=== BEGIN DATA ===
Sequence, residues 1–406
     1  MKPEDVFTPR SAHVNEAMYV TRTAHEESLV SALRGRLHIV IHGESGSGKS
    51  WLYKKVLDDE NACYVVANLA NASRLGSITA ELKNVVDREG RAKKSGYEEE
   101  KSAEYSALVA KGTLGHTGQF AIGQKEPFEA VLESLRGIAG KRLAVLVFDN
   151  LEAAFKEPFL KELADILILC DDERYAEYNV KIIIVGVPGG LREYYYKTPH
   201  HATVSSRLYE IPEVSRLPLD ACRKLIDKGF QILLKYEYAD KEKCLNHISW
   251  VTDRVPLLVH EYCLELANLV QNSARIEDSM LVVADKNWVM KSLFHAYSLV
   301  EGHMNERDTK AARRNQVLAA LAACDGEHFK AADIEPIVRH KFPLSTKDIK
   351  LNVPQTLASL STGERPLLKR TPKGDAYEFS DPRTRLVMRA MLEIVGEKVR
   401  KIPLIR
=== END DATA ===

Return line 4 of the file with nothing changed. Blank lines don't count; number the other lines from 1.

   101  KSAEYSALVA KGTLGHTGQF AIGQKEPFEA VLESLRGIAG KRLAVLVFDN